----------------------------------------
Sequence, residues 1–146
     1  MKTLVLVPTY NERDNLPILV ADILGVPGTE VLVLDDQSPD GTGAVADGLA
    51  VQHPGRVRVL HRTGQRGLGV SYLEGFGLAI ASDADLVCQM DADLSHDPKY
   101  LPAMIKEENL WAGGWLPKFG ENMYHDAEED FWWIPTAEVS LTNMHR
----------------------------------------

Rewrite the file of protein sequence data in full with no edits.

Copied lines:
Sequence, residues 1–146
     1  MKTLVLVPTY NERDNLPILV ADILGVPGTE VLVLDDQSPD GTGAVADGLA
    51  VQHPGRVRVL HRTGQRGLGV SYLEGFGLAI ASDADLVCQM DADLSHDPKY
   101  LPAMIKEENL WAGGWLPKFG ENMYHDAEED FWWIPTAEVS LTNMHR